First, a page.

Indian industry is not as inefficient as our trade deficit with China would suggest. Industry routinely inflates project costs to create a war chest with which to pay off the neta-babu-political thug nexus, besides paying for that getaway to Thailand. The inflated cost structure makes for pricier output. Handsome returns from inflated project costs disincentivise attentive management. To fix this, political funding must cease to come off the books of companies.
    (Catch all the Business News, Breaking News Events and Latest News Updates on The Economic Times.)

    15 Comments on this Story

    Deb231 days ago
    Corporations have to take greater social responsibility and take up welfare projects for the distribution of food and education to the urban poor. Joint venture between the government and large corporations should take up infrastructural development in the rural areas where rural laborers will find off season employment. Since education is for the privileged in India, every college graduate should have a compulsory project related to education where they must teach certain number of hours in a municipality school located in the district where they reside - a grade should be given only after sufficient proof of service done is provided.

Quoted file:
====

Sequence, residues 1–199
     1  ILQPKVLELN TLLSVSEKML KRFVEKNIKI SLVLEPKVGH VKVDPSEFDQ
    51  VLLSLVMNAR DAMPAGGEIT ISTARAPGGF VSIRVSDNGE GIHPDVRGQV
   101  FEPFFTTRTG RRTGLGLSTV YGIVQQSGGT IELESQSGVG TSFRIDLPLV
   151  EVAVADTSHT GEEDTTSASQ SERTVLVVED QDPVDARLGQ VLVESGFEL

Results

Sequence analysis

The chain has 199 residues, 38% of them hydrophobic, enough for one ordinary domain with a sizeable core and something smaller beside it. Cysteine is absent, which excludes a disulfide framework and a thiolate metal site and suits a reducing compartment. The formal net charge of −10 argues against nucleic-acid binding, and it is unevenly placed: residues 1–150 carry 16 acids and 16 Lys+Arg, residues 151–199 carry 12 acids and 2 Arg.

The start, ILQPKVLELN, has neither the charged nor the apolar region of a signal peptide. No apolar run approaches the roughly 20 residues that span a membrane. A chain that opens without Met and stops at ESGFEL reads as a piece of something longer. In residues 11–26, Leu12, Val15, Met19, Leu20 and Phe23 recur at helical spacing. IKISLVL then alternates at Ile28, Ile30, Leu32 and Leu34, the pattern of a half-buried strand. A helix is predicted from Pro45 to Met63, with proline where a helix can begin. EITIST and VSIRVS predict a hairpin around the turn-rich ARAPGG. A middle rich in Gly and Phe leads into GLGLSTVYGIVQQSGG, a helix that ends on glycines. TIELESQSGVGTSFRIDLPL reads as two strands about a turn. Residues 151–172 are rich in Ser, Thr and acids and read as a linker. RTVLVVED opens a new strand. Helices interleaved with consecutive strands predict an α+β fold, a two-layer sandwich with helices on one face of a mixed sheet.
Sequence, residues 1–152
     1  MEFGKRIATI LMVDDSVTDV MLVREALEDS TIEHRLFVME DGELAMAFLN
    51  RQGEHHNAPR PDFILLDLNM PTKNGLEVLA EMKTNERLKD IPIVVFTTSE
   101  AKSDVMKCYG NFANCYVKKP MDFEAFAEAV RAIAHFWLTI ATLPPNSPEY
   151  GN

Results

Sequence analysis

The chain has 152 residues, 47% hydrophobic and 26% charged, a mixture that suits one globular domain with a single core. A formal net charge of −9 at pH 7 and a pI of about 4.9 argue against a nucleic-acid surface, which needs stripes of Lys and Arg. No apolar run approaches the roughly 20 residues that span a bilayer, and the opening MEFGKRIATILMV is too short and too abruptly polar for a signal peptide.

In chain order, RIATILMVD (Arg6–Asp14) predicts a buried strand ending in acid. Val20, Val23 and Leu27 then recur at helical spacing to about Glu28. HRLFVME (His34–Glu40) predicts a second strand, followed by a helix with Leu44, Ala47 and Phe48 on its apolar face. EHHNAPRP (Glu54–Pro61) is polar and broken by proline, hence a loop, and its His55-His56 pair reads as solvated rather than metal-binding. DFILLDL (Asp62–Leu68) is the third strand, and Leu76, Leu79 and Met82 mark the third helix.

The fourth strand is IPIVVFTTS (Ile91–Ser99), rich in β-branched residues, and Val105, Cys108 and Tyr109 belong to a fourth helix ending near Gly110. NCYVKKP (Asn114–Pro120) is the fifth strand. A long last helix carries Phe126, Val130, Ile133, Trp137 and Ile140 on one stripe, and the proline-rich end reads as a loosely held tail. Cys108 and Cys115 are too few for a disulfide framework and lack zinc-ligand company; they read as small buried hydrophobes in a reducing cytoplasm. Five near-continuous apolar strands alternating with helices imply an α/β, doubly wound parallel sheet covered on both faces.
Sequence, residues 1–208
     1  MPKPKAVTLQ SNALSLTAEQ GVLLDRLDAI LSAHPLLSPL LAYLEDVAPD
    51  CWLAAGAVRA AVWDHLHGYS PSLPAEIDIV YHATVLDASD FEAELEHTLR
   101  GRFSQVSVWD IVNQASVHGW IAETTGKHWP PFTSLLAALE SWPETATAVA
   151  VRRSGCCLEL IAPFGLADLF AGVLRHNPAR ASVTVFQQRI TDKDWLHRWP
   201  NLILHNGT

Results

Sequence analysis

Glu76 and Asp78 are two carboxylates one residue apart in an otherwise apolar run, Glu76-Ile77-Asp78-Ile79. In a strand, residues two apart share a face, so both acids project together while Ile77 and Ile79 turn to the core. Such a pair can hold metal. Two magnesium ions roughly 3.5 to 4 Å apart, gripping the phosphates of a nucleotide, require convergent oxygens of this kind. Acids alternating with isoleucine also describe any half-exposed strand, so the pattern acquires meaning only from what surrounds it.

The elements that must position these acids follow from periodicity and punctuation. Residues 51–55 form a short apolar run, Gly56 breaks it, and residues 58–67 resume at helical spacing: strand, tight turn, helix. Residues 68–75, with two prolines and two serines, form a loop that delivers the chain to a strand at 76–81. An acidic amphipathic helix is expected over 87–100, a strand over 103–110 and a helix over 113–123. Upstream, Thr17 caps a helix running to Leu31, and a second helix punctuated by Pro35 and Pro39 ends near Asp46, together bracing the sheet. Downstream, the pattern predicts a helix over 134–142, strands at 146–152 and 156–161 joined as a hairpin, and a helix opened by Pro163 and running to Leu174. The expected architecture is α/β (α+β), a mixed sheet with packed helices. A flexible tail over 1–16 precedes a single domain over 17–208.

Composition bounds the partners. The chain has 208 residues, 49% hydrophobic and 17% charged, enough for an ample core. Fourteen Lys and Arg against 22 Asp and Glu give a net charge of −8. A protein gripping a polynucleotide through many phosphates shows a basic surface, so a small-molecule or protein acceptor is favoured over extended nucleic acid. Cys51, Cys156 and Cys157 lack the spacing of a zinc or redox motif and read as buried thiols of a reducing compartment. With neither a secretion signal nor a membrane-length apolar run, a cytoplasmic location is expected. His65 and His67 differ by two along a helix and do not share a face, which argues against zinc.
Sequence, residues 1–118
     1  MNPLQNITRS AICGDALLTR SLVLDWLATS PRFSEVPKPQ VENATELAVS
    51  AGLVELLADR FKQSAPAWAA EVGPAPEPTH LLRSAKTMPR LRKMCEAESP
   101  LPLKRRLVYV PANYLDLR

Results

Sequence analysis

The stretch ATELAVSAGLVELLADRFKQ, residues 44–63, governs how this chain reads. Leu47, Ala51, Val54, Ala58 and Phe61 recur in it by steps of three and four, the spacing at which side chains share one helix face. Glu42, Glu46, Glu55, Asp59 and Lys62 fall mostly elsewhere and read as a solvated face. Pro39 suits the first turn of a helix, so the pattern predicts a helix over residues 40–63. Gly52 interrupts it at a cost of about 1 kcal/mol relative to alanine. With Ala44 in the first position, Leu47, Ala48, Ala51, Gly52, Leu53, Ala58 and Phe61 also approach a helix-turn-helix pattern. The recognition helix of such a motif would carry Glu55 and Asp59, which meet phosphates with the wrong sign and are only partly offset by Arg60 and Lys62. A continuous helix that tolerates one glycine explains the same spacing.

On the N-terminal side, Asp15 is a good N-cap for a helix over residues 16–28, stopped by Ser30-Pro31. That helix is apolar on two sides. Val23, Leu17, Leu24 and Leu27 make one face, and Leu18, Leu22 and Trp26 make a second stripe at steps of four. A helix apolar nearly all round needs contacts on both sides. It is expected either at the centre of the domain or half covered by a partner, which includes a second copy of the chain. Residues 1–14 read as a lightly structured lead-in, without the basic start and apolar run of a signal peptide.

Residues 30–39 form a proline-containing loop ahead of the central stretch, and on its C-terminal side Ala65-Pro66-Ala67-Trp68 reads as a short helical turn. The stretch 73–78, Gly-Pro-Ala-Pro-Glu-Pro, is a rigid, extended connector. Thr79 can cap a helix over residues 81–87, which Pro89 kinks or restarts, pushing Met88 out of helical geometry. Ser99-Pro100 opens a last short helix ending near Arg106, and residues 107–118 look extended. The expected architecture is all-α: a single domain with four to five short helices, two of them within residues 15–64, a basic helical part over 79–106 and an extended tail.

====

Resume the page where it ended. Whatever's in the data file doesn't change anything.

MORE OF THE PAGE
Luni Panda234 days ago
    Corruption,nepotism and cybercrimes have led to bad economy.Govt does not act to correct the wrongdoings .Is it democracy where loots,frauds and corruption are increasing.Digital bribes,launderings and frauds,scams are huge and govt is not functioning properlyCostrise in milk,rice,wheat and vegetables are not being controlled and policing on these are absent.Only politics for vote and to grabpower are prominent.Governance has become misgovernance and slogans.Where is growth?
    Ekambaram Ravishankar234 days ago
    Industry funding political a bane; revamping educational system for sustained learning; water quality and availability improvement, free medical cure at least for over 60 age; and above all merit based employment by reducing at least for now reservations to SC/ST alone, and all others open can be helpful. For this we need government who have country first in reality (not in words), and people from across religions cooperating for corrected reservation policy. These last two are the bottlenecks for our country.
    The Economic Times